Sunday, June 23, 2013

Conversation, Nudity, and a Mini-Tyrant: The Relative Social Life of the Working Mother

One evening, my children and I visited an orchid specialist, which is really a blog post in itself, but anyway, the conversation between the shopkeeper and me went the way it often does when I make a new acquaintance: food and family.

"Where's your favorite restaurant?" he asked.
"Depends on what I like to order," I said, and then elaborated.
"So what restaurant do you go to... to be social?"
"Social? I don't have a social life."
"You don't have a social life?"
I pointed to my children who were sucking on mints, swinging their legs on a settee in the shop, and toying with orchid blossoms they had been given. "That's my social life."

I think it was Barbara Walters who once said that there exists family, career, and a social life, but you cannot have all three; you must choose two. I once resented the truth of this and wondered what I was missing socially, but as my children have grown older, I have become better at embracing time with them for the gift it really is. Time is fleeting. We are creating memories. We still have our frustrations though.

Last week, after comical drills about the tennis court, we admired the lightening bugs flitting about, and then dawdled home hand-in-hand. Houses slipped into silhouettes against a dimming sky and the air held the magic of almost-summer... but then the kids' joking and chatter morphed into crabbing and arguing, an obvious signal for bedtime. I sent them in to start baths, planning to take a few minutes of solace before the usual routine of monitoring and tucking in. The youngest suddenly appeared naked on the front porch to hotly voice a bitter complaint about his sister. He made no sense whatsoever. I scratched my head a minute and thought how nice it would be to have a glass of wine at the restaurant around the corner... with someone who wasn't six years old, irrational, naked, and non-compliant.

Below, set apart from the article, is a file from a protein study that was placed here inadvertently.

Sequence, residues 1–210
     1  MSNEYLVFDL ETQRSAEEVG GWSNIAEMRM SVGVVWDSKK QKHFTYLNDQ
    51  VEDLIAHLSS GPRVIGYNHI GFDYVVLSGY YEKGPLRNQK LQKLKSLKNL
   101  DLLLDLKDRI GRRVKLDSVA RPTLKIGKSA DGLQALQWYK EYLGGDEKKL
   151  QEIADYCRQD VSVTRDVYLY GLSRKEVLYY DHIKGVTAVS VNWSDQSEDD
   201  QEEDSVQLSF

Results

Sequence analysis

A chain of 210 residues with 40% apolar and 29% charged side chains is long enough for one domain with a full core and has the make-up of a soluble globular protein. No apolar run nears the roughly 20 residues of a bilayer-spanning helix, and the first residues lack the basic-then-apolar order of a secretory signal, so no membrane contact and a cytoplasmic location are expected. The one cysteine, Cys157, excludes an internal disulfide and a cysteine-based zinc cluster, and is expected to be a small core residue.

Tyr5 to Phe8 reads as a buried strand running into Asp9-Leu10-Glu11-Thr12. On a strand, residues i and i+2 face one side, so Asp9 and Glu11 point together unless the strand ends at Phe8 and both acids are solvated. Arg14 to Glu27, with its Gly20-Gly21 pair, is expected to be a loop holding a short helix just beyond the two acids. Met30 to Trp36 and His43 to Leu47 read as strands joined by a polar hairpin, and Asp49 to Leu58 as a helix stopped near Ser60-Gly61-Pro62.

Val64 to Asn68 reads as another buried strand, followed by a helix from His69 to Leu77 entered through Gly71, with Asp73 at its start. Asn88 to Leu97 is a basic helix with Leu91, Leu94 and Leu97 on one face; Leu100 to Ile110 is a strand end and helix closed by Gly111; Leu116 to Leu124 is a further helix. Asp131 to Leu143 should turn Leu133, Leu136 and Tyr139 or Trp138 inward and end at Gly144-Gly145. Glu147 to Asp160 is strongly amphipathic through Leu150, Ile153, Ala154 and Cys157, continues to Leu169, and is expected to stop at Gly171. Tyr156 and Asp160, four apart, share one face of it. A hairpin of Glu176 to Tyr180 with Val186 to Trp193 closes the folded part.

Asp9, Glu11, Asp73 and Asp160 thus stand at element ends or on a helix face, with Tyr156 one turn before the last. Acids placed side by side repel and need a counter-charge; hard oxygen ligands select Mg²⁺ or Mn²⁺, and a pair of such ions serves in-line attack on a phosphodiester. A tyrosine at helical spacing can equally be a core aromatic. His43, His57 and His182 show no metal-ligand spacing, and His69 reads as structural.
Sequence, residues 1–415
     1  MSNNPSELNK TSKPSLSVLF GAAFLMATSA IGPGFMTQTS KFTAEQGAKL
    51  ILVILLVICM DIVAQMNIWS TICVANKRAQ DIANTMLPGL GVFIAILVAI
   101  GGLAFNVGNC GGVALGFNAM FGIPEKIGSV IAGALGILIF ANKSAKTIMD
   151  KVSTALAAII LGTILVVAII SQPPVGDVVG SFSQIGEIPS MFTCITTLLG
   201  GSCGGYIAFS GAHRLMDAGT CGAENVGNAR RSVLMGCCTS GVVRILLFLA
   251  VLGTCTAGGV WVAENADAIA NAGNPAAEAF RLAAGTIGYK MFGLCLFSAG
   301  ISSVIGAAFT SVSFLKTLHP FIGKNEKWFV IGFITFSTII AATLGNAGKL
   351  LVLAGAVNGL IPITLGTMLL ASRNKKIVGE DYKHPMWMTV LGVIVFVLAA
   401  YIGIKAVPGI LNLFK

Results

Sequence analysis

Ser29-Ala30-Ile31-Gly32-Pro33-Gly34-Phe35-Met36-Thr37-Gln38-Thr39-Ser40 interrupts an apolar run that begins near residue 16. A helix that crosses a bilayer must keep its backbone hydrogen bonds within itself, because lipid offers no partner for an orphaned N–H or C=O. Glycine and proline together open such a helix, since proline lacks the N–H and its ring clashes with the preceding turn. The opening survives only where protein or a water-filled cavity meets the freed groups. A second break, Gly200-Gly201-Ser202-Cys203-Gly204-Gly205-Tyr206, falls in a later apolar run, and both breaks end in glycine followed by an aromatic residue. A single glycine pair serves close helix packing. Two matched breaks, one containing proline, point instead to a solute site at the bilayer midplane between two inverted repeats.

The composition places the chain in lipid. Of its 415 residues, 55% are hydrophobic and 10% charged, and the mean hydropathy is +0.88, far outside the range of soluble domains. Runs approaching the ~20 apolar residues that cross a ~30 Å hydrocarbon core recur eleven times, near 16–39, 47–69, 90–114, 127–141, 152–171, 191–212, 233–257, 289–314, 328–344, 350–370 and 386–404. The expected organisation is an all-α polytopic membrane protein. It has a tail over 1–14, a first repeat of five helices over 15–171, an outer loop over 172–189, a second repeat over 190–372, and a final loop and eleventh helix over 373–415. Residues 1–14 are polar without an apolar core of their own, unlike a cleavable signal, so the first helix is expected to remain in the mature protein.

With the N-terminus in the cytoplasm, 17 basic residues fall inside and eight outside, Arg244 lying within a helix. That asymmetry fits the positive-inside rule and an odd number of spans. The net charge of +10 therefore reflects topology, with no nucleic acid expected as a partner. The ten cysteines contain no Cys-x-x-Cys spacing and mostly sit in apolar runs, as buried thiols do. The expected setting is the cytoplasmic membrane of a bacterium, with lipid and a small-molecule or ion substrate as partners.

I often say that my social life is at the office, and I think for many of us, that's true. I have a group of good women friends there-- mostly mothers like myself, some of whom have raised children under extraordinary circumstances and pressures. The peace and wisdom they give me is priceless, and I find that work provides a sense of relief rather than duress because of that. It's been a wonderful cure for the isolation I felt in a new state four years ago, and besides-- no one has ever shown up at my cube naked and irrational. :)


  1. Glad to have you back. Cary

  2. Houses slipped into silhouettes against a dimming sky ...

    I love the lyrical rhythm of this line...I'm so glad you're blogging again!



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